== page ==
Apathy: There wasn't a strategic reason - it was more based on content. I have wanted to do Eastern Philosophy for the longest time and we have recorded so many songs that were supposed to be for the album, but something never felt right to me. So in the end, I'm very happy that I waited until now. The album would have been corny if I released it before and the formula wasn't right. Something just didn't sit right with me. We recorded it so many different times, but I had to take a step back from it.
AllHipHop.com: So all of this material was recorded the past year?
Apathy: It was recorded in the last year and a half. We just kept adding to it and I really sat down and put myself in the mind frame of what I wanted my album to sound like. I sat down and liked to nothing but Illmatic, Only Built 4 Cuban Linx, the first two Organized Konfusion albums, Pete Rock & CL Smooth .I'm not saying my album is supposed to be like those, but that was the mind frame I was trying to set myself in. Thats the mood I wanted to set and I literally only listened to those albums. I didn't listen to any new s**t during that time. I wanted to make an album that produces that feeling I used to get while listening to those albums.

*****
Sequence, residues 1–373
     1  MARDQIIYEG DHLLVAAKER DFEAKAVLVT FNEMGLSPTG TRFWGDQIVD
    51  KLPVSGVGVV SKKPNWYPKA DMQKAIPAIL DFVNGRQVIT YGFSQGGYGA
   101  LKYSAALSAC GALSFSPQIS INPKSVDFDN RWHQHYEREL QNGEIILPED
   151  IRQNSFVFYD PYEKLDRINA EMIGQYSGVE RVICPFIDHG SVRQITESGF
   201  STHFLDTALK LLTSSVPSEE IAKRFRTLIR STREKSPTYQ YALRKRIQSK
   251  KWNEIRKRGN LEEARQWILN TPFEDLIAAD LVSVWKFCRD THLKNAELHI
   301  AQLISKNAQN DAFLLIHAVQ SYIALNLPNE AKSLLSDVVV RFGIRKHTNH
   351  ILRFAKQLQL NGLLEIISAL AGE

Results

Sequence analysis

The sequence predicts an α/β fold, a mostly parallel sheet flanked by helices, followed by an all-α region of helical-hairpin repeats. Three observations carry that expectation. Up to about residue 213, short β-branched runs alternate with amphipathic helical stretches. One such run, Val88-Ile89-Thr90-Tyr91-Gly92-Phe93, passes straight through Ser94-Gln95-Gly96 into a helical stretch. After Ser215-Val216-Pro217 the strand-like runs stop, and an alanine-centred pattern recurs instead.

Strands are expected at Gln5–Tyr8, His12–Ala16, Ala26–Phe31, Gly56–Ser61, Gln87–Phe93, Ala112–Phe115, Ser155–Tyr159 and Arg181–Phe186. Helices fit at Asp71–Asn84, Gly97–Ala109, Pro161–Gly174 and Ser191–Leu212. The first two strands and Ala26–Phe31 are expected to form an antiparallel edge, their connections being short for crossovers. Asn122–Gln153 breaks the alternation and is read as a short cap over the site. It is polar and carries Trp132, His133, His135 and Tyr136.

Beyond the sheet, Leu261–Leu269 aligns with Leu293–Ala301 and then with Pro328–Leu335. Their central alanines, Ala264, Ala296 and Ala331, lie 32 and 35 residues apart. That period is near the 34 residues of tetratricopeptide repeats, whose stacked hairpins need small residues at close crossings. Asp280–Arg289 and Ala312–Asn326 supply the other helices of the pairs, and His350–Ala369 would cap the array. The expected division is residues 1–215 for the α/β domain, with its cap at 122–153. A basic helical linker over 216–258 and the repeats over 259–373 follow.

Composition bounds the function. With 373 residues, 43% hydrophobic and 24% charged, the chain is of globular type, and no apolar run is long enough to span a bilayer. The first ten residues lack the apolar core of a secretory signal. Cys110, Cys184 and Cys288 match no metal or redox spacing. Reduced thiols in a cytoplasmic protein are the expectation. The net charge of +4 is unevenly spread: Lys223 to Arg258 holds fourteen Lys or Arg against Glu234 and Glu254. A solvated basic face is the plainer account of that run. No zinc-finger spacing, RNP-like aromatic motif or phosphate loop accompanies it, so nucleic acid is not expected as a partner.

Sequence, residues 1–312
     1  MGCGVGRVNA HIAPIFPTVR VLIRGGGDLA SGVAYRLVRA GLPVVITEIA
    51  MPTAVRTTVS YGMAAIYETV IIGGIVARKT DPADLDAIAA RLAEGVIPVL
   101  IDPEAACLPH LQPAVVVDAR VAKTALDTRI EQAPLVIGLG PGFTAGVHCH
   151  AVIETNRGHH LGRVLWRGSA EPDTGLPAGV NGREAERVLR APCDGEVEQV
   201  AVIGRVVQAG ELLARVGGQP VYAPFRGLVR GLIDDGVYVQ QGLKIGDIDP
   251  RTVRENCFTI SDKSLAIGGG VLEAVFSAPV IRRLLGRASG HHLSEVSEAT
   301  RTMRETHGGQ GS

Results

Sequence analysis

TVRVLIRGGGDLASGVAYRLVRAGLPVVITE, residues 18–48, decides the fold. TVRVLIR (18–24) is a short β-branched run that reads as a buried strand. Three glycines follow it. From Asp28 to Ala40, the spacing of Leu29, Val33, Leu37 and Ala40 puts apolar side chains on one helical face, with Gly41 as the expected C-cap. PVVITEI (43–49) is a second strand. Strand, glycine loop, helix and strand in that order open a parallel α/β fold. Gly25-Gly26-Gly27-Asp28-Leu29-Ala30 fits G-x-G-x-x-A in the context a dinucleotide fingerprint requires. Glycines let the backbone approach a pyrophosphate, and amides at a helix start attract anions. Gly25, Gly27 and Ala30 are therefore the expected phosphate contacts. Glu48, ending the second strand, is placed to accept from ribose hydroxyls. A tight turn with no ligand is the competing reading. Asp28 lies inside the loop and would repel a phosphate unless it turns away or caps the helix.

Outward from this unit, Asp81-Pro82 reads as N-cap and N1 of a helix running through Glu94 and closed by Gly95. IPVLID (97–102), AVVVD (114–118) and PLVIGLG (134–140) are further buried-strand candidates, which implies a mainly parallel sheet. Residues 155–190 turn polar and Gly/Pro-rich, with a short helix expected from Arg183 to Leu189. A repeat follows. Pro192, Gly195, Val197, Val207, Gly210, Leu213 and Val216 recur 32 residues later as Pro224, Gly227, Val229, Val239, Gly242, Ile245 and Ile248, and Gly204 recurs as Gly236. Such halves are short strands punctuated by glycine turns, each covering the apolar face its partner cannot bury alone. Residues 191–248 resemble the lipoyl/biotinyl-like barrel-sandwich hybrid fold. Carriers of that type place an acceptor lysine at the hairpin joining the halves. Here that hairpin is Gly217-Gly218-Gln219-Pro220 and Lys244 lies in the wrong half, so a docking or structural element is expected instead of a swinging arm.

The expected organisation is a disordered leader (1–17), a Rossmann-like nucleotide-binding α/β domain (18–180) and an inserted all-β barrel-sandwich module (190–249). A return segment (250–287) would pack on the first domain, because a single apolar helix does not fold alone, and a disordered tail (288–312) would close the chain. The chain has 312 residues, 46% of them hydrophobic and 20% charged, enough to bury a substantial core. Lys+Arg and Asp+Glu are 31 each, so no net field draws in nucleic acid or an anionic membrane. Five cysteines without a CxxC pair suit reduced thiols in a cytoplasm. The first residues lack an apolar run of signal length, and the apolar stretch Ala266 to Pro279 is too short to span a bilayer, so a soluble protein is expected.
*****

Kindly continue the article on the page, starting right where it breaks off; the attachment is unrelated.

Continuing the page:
AllHipHop.com: Yeah, the album does remind me of like a snowy day in New York City in '96, or something like that.
Apathy: That's exactly what I was trying to go for. That is the exact feel!
AllHipHop.com: You stated the earlier material you recorded for the album was "corny," so what was wrong with it?
Apathy: It was just a lot of happy-go-lucky battle s**t. There is nothing wrong with that, but my fans have been hearing that from me for a long time. I've done the whole thing where we did the Demigodz EP and the underground 12-inches and all of that is cool and great, but I wanted to have something with a little more substance to it. I wanted to have an album that had replay value.